Monday, July 19, 2010

Harry Potter and Vampires

Update 10/15/2013: I should note that at this time I had just read the Twilight books, and I like a lot of things when I first read them more than I do later. I still like Harry Potter, but looking back I realize the Twilight books were actually fairly boring quite a bit of the time... and I don't particularly like the boost they gave to the fascination with the undead. But, I suppose most of what I said is still valid.

As someone who enjoyed the Harry Potter series, and more-or-less enjoyed the Twilight series, but can see reason for concern about them, I wrote the following addressing a comment which stated that both series could be dangerous because both vampires and witchcraft are evil.

I just want to point out that since vampires don't exist, they are not inherently good or evil, but only as good or evil as their particular fiction presents them as being.

Thus, in Twilight, I don't think vampires are evil, so much as they are addicts. Becoming vampires in the series gives them an addiction to human blood (without ever having had to have tasted it). Where they go with their addiction is up to them. However, in the original "Dracula," (my favorite vampire book) and in most older myths, vampires were evil.

I have some problems with the 4th twilight book, especially that it seems to depict vampires as being in every way superior to humans, and especially that it depicts infertile sex between vampires as being better than the fertile sex of humans. I would say that the book does contain certain dangerous ideas that might cause an unhealthy fascination with the idea of being a vampire. Though I will also note several positive messages: valuing chastity, a strong pro-life/anti-abortion message, and a favoring of peaceful resolution to conflicts over violence.

Witchcraft is a bit different, since a form of it exists in reality. I would argue that the "witchcraft" in Harry Potter is different than real magic. The fact that it does not call on spirits for power is a key difference. Magic is treated more as a gift that needs to be directed, more like a superhero's super power than like real world magic. I view it the same way as I view magic from fairy godmothers, as just a part of fantasy. Thus it is not inherently evil.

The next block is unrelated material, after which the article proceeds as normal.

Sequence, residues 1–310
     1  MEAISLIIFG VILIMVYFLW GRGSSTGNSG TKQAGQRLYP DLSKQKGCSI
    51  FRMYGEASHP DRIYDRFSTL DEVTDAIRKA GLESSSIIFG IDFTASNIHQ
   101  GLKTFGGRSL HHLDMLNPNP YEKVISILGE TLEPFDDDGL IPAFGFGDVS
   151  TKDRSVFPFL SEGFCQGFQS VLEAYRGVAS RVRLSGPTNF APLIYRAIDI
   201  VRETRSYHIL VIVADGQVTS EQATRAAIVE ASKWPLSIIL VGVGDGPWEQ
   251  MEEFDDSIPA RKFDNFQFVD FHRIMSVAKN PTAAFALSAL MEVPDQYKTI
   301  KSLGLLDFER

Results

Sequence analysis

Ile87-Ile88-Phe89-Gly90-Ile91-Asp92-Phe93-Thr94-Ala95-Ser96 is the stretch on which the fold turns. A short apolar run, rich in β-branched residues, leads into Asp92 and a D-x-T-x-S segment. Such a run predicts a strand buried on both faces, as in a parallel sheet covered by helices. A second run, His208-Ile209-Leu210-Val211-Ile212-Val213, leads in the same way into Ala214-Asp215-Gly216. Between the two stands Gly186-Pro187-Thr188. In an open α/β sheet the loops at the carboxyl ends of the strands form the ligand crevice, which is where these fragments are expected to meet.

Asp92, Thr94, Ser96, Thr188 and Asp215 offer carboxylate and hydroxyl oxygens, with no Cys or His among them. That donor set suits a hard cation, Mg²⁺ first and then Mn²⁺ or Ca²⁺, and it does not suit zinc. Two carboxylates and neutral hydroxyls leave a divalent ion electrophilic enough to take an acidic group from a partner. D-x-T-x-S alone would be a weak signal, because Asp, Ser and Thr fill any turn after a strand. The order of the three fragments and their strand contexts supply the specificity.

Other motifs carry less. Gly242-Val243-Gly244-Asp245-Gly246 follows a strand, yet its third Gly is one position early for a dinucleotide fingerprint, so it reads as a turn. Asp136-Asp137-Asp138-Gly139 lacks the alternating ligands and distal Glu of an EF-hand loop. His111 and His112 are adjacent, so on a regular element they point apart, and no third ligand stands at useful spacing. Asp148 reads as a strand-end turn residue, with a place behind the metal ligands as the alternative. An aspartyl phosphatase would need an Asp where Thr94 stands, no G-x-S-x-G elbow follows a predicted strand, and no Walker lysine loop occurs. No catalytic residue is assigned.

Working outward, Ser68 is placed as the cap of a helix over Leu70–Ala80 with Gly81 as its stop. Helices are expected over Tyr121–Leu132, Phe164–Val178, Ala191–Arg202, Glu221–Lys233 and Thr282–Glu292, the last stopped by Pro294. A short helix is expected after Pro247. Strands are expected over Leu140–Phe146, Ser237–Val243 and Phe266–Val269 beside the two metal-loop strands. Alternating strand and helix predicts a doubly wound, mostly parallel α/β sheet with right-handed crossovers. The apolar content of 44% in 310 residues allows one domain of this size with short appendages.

That said, I see Fr. Euteneuer's concern. Basically it seems that these things can be gateway drugs of a sort. Catholics certainly view it as acceptable to drink alcohol in moderation, but do we find recreational use of heroin to be acceptable? And if we do, do we find heroin addiction acceptable? Is a person who refuses to even drink alcohol likely to try something like heroin? It seems that alcohol use probably in most cases predates use of other drugs.

Of course the acceptability of alcohol doesn't mean that we should leave children alone with an open bar to drink as much as they please, or even that children should be allowed to drink at all. Likewise, there are dangers in leaving children to explore fantasy worlds like that of Harry Potter on their own. We must determine what age our kids must be before we allow them to read such books, and we must not let them read the books in a vacuum without personally discussing the differences between them and real-world magic.

I think that we also have to recognize that children will encounter the Harry Potter style magic in school, and if we want to help shape their thinking on the issue without causing them to start calling all their classmates satanic, we might want to familiarize them with the differences between fantasy magic and real-world witchcraft.

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